Australia Westpac leading index, wage price index, Bloomberg economic survey

Singapore electronic exports, non-oil domestic exports

Mexico international reserves

South Africa retail sales

EIA Crude Oil Inventory Report

Thursday, Nov. 18

IMF Managing Director Georgieva speaks at the fund’s Statistical Forum – ‘Measuring Climate Change: The Economic and Financial Dimensions’.

Economic Data/Events

US Conference Board leading index, initial jobless claims

Singapore GDP

South Africa (SARB) Rate decision: Expected to keep Interest Rate at 3.50%

Turkey (CBRT) Rate decision: Expected to cut One-Week Repo Rate 100 bps to 15.00%

Eurozone new car registrations

Australia RBA FX transactions

China Swift global payments CNY

New Zealand two-year inflation expectations

Thailand car sales

South Korea short-term external debt

Russia gold and forex reserves

Friday, Nov. 19

BOE Chief Economist Huw Pill speaks in Bristol.

Fed’s Richard Clarida and Mary Daly speak at Asia Economic Policy Conference.

EU Justice Commissioner Didier Reynders visits Warsaw amid the escalating judicial row between Poland and the bloc.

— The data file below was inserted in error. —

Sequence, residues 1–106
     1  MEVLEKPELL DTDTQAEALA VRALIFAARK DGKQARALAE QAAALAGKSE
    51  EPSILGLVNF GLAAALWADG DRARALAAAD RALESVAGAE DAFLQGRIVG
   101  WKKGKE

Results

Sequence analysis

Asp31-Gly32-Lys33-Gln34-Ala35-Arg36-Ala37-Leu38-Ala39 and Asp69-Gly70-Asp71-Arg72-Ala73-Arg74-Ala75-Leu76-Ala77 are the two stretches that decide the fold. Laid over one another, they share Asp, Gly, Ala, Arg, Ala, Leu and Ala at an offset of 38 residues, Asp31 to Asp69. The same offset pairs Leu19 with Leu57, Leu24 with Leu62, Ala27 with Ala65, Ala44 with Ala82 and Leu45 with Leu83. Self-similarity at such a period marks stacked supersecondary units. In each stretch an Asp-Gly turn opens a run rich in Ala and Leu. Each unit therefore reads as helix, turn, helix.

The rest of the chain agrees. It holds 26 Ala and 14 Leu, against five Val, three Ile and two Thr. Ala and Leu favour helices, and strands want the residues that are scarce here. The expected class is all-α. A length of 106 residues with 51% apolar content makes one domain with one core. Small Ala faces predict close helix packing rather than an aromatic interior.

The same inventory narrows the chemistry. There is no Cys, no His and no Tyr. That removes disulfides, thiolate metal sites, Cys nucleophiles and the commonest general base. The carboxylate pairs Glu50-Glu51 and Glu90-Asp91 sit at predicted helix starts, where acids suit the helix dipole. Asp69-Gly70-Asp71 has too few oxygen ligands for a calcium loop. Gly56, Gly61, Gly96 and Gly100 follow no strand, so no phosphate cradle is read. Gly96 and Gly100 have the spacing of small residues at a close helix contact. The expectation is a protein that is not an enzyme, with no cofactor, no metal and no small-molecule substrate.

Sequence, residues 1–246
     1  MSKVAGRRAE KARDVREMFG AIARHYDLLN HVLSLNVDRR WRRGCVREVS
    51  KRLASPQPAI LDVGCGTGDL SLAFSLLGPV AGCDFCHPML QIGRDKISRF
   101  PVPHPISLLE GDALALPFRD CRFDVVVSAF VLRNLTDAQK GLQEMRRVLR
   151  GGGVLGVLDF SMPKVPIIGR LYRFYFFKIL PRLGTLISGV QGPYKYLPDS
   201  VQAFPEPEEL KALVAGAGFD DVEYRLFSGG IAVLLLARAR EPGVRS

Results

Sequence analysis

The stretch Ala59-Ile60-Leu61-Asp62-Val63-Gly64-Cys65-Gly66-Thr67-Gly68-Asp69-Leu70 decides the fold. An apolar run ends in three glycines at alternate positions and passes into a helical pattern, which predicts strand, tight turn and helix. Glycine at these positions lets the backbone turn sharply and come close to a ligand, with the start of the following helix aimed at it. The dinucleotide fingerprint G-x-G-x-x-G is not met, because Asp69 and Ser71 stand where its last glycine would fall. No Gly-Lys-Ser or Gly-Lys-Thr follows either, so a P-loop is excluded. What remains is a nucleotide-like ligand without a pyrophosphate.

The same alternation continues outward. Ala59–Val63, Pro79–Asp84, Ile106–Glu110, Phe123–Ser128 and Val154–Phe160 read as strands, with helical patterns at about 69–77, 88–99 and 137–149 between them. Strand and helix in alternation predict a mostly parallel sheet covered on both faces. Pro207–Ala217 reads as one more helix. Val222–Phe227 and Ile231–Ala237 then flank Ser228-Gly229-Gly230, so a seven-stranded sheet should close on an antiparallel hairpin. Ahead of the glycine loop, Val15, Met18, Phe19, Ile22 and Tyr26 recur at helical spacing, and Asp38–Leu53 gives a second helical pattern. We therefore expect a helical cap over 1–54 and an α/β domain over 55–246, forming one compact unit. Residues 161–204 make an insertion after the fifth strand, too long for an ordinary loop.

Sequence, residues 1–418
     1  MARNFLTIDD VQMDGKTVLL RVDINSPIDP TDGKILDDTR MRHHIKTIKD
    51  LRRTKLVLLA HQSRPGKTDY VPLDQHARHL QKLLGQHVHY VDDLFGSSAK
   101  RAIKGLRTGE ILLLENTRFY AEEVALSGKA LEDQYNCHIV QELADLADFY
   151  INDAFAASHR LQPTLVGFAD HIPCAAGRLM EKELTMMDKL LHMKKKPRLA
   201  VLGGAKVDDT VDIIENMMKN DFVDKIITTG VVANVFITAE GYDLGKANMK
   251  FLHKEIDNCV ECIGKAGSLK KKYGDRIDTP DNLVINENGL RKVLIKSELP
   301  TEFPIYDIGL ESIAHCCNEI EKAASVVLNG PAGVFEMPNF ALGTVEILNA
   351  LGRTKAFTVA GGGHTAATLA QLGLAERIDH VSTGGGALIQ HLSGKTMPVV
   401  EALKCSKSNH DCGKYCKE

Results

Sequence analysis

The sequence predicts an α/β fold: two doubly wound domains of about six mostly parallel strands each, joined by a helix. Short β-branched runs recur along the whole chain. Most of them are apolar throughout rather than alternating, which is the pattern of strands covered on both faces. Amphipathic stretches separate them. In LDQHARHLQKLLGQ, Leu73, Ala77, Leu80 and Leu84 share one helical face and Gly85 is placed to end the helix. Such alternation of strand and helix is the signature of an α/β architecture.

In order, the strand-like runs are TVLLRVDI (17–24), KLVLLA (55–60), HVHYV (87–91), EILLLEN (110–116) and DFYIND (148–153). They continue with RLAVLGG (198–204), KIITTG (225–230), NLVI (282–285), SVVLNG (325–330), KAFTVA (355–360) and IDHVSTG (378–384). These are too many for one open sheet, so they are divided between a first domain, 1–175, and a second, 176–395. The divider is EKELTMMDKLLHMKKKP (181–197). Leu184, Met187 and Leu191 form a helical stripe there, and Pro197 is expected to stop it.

Economic Data/Events

Norway GDP

Japan CPI

Canada retail sales

France unemployment

UK GfK consumer confidence, retail sales, public sector net borrowing

New Zealand credit-card spending

Thailand foreign reserves, forward contracts

China FX net settlement

Sovereign Rating Updates:

Switzerland (Fitch)

South Africa (S&P)

Greece (Moody’s)

South Africa (Moody’s)

Denmark (DBRS)

This article is for general information purposes only. It is not investment advice or a solution to buy or sell securities. Opinions are the authors; not necessarily that of OANDA Corporation or any of its affiliates, subsidiaries, officers or directors. Leveraged trading is high risk and not suitable for all. You could lose all of your deposited funds.

Craig Erlam

Craig Erlam

Senior Market Analyst, UK & EMEA at OANDA
Based in London, Craig Erlam joined OANDA in 2015 as a market analyst. With many years of experience as a financial market analyst and trader, he focuses on both fundamental and technical analysis while producing macroeconomic commentary. His views have been published in the Financial Times, Reuters, The Telegraph and the International Business Times, and he also appears as a regular guest commentator on the BBC, Bloomberg TV, FOX Business and SKY News. Craig holds a full membership to the Society of Technical Analysts and is recognised as a Certified Financial Technician by the International Federation of Technical Analysts.
Craig Erlam
Craig Erlam